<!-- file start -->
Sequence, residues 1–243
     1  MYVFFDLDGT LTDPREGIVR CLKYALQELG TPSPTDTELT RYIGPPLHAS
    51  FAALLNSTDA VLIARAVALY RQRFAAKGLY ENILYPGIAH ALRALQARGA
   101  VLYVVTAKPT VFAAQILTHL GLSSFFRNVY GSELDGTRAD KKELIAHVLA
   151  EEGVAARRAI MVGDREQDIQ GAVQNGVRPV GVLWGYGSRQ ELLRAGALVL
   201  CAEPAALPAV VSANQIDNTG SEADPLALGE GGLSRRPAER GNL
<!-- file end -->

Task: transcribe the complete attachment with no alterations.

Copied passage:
Sequence, residues 1–243
     1  MYVFFDLDGT LTDPREGIVR CLKYALQELG TPSPTDTELT RYIGPPLHAS
    51  FAALLNSTDA VLIARAVALY RQRFAAKGLY ENILYPGIAH ALRALQARGA
   101  VLYVVTAKPT VFAAQILTHL GLSSFFRNVY GSELDGTRAD KKELIAHVLA
   151  EEGVAARRAI MVGDREQDIQ GAVQNGVRPV GVLWGYGSRQ ELLRAGALVL
   201  CAEPAALPAV VSANQIDNTG SEADPLALGE GGLSRRPAER GNL